On the opposite wall, Untitled (Venice) creates a tenuous perspective through the strong diagonals delineating the water from the square, fences and gondolas just barely tethered to the composition through the vertical force of lamp posts and columns. The viewer is left with a somewhat precarious viewpoint, floating just above the scene. Color is used to describe the space, the richest, blue-green in the foreground waters and a pale, complementary pink on a faraway palace. When given time to look closely, viewers are rewarded with strange, felt moments of narrative. Six birds converge on a solitary figure in one corner; in another space, two tourists sit waiting for their boat to depart. There is restraint in this picture, particularly in the palette, that brings to mind the work of modernists like Janice Biala or Winifred Nicholson, indicating a conscious understanding of how to manipulate form.


In archival photographs accompanying the exhibition, Drew-Bear can be seen at age 81, dining with multiple well-dressed men on a cruise ship, and learning how to scuba dive in her 70s. It seems her work is at its best when depicting elements of real-life events, and the most engaging pieces in the show seem to be of subjects that Drew-Bear felt a certain ownership over. Still Life: Cocktails, with its beautiful pink champagne glasses and boxes of candy set on a rich, black background, includes a floral arrangement that possesses the same energy as her painting of Venice fireworks. The objects take on personas and dance in the space, as if seen in that precise moment when taking a first bubbly sip of lightheaded party atmosphere in, something she surely did frequently.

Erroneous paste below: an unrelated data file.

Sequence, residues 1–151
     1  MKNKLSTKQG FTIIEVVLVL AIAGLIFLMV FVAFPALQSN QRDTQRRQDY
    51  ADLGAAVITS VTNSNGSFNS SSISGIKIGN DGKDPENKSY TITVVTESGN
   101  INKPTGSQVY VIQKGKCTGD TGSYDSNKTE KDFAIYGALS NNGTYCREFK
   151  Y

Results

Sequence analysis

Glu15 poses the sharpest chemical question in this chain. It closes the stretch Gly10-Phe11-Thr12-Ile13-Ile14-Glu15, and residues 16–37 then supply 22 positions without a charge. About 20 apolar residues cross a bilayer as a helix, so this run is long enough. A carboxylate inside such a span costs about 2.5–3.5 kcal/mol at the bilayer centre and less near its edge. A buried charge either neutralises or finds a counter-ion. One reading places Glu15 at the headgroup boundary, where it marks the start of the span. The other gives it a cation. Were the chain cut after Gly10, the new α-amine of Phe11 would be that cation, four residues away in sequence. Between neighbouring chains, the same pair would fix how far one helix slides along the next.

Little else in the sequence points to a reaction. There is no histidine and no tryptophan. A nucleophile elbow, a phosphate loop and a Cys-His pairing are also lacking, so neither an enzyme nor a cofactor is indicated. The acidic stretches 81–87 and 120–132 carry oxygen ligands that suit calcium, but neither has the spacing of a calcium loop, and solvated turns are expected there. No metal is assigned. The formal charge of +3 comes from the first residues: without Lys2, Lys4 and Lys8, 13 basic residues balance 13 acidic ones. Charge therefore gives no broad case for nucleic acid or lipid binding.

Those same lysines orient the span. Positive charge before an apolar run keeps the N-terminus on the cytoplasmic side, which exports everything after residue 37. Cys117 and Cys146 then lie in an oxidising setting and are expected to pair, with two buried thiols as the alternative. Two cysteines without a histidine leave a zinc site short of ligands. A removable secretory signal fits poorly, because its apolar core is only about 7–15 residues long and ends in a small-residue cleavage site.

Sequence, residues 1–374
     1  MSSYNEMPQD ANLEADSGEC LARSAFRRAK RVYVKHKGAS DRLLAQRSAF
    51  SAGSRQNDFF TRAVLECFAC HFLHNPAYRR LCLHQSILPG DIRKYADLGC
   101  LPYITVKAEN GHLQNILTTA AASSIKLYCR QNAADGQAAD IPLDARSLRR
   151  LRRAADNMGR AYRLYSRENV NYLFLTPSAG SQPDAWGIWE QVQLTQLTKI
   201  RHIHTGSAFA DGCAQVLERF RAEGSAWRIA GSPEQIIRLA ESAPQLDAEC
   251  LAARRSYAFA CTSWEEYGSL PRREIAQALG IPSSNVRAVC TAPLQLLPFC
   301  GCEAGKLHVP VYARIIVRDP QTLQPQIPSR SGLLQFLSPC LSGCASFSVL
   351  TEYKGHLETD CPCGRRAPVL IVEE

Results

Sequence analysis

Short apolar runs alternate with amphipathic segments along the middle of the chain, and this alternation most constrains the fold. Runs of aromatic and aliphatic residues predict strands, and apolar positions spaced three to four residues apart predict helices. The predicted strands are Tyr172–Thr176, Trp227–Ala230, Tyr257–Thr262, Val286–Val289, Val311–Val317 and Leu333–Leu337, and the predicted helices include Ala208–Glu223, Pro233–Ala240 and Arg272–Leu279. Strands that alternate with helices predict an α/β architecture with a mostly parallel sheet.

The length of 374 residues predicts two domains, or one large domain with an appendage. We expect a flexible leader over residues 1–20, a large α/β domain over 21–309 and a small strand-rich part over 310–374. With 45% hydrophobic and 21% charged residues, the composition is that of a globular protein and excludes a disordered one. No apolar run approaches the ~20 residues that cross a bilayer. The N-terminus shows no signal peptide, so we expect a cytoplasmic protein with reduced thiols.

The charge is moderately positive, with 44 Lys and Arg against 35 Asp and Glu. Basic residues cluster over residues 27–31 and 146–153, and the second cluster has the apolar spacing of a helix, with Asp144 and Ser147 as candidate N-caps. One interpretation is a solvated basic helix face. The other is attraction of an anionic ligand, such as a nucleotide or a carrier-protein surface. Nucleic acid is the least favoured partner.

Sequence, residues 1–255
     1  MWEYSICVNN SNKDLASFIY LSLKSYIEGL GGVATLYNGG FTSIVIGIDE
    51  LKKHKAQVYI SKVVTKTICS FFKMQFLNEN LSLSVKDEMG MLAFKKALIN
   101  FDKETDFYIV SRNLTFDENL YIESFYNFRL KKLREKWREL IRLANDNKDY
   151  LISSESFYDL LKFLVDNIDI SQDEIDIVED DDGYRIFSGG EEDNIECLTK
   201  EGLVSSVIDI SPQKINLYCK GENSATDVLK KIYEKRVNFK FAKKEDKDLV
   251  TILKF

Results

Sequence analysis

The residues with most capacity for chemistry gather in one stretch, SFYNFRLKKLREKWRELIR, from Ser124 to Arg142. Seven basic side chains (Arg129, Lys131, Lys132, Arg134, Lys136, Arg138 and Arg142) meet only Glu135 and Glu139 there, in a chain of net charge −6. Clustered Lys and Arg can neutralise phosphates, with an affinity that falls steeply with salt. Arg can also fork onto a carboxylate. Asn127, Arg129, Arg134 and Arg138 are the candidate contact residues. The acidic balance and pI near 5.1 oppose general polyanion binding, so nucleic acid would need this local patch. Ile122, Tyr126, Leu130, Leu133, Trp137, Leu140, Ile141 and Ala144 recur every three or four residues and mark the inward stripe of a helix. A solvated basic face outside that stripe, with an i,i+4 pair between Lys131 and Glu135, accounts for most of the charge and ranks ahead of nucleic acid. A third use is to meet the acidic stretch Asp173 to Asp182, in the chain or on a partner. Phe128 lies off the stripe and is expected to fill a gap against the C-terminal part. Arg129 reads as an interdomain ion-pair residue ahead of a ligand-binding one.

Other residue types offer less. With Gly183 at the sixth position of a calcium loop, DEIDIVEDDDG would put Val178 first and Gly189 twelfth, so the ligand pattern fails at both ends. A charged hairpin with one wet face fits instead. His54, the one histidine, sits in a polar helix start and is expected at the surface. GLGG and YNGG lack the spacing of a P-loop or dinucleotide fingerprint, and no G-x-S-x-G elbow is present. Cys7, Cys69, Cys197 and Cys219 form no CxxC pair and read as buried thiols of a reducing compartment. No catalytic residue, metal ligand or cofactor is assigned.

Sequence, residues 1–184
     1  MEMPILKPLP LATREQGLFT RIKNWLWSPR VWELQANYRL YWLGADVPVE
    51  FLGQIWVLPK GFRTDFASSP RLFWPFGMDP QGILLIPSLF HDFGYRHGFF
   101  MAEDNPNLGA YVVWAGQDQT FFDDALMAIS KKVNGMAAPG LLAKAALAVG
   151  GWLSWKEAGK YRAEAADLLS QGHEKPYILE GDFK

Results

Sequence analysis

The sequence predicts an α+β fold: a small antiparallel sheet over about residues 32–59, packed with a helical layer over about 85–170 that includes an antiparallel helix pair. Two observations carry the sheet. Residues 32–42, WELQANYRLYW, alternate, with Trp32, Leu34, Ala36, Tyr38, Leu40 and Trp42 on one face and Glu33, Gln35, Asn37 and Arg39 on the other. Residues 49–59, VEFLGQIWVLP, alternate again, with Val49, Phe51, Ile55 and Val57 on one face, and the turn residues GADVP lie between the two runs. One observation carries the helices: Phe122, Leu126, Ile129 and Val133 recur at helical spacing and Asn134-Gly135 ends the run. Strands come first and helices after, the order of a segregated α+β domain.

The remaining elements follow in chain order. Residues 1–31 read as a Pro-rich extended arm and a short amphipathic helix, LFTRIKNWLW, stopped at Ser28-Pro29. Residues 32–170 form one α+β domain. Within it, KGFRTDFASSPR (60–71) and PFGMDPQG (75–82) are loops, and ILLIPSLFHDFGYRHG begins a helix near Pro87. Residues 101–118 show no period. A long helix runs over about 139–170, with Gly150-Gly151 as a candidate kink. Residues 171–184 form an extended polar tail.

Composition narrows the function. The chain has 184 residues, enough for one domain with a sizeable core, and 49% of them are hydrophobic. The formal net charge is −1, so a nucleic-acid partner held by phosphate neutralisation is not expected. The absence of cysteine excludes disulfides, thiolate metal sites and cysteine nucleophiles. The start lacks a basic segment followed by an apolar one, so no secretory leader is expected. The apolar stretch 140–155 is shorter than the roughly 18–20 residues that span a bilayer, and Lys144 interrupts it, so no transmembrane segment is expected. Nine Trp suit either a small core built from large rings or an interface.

The showstopper is Dog Show, completed the year before she died. Drew-Bear owned many poodles throughout her lifetime and seemed to have a real predilection for the breed. In this painting, a modest 16 x 20 inch canvas, at least 25 poodles crowd the picture plane. The canvas becomes the gray surface on which these many dogs, made of thick piles of paint, rest and pant, and look out at you quizzically. The tactile nature of the paint becomes groomed fur begging to be pet, and the painting becomes sculptural.  This engagement with dimensionality through paint remains an important consideration for contemporary painters, such as Ying Li, Trudy Benson and Jason Stopa, an ironic nod to the endurance of work made out of personal investigation rather than trending methodologies. It is also a reminder that work made with necessity is compelling, regardless of whether the artist was formally trained. It is careless to see these fantastical, bizarre arrangements without a comprehensive, critical eye, discovering the nuance in how these paintings are put together.

At her best, Drew-Bear does not lose sight of her own visual impulses for using form at the service of expressing her experience.  As a result, this body of work has a feeling of timelessness while maintaining the narrative of an individual life and vision.

Aubrey Levinthal is a painter living in Philadelphia.